I noticed it first the day that you left. By lunchtime you were gone, and I sat at the table in my apartment’s tiny kitchen, so much bigger now that you wouldn’t be stopping by again. And in front of me on that table, lying on the polished surface, like it was just taking a break, was the tip of my left pinkie. I stared at it for a few moments then swept it quickly into my hand and shoved it into the third drawer down, the junk drawer.
That’s strange, I thought.
I’ll deal with it later, I thought.
And then, the next day, remembering our first date as I waited for the subway amid the crowds jostling for the best position. Remembering how you held my hand and the way the streetlights sparkled through the rain. “Excuse me,” someone said as she passed in a blur, bumping into my arm and rousing me from memory. My elbow detached, so gently, sloughing off like an old skin into my jacket’s sleeve. I shrugged it out into my hand and pocketed it without even looking down. No big deal.
Again, at the restaurant where we used to meet after a long day of work and before we each went home. A toe loose in my shoe, rolling around like a rock, making every step home now more painful than the last. Again, at the park on a Saturday morning, surrounded by the green and blue of tree and sky. Pieces of me, falling off, bit by bit.
An ear here, a finger there. Hair. My left shoulder. My right heel. I faithfully kept everything I could, dumped it in a drawer or a shoe box or under the bed. I kept telling myself I’d get around to dealing with it as soon as I had time.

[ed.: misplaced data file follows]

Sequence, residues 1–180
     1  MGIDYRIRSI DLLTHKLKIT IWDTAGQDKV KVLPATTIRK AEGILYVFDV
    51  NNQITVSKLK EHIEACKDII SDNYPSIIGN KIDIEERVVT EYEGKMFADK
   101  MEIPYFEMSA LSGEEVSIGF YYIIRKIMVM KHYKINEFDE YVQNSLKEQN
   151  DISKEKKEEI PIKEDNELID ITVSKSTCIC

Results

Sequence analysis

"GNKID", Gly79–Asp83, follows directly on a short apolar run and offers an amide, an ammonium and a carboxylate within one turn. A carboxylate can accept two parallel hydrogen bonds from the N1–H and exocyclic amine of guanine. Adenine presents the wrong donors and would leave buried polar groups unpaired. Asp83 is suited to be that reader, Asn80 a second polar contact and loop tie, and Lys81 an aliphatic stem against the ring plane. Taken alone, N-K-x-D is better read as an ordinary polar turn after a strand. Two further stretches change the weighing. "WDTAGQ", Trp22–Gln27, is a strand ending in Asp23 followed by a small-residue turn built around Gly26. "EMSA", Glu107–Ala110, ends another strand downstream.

It happened in the shower as I got ready for another endless day, or when I sat in the dark on my couch watching our favorite movie. It happened when I woke in the morning and nearly reached for the phone to call and hear your voice, at my office desk checking for emails that had stopped coming in. It happened everywhere I went.
One morning at breakfast I turned to look out the window that faced the next building’s wall, trying to catch a glimpse of the new day and think of anything but you. But I couldn’t ignore the problem any longer when my remaining ear fell into my oatmeal. So, sighing, I fished it out and went to the sink to rinse it off. I had never understood what a chore just standing could be when so much of your self is missing.
I limped around the apartment that day, gathering those pieces one by one, placing them in rows on the soft blue coverlet on my bed. It seemed so futile. How could I dream of reconstructing this shattered body? Too much was broken. Despite my best efforts, too much was lost.
It was you, I know. You started it, but I suppose it was still my fault.
I should never have let you walk off with my heart in the first place.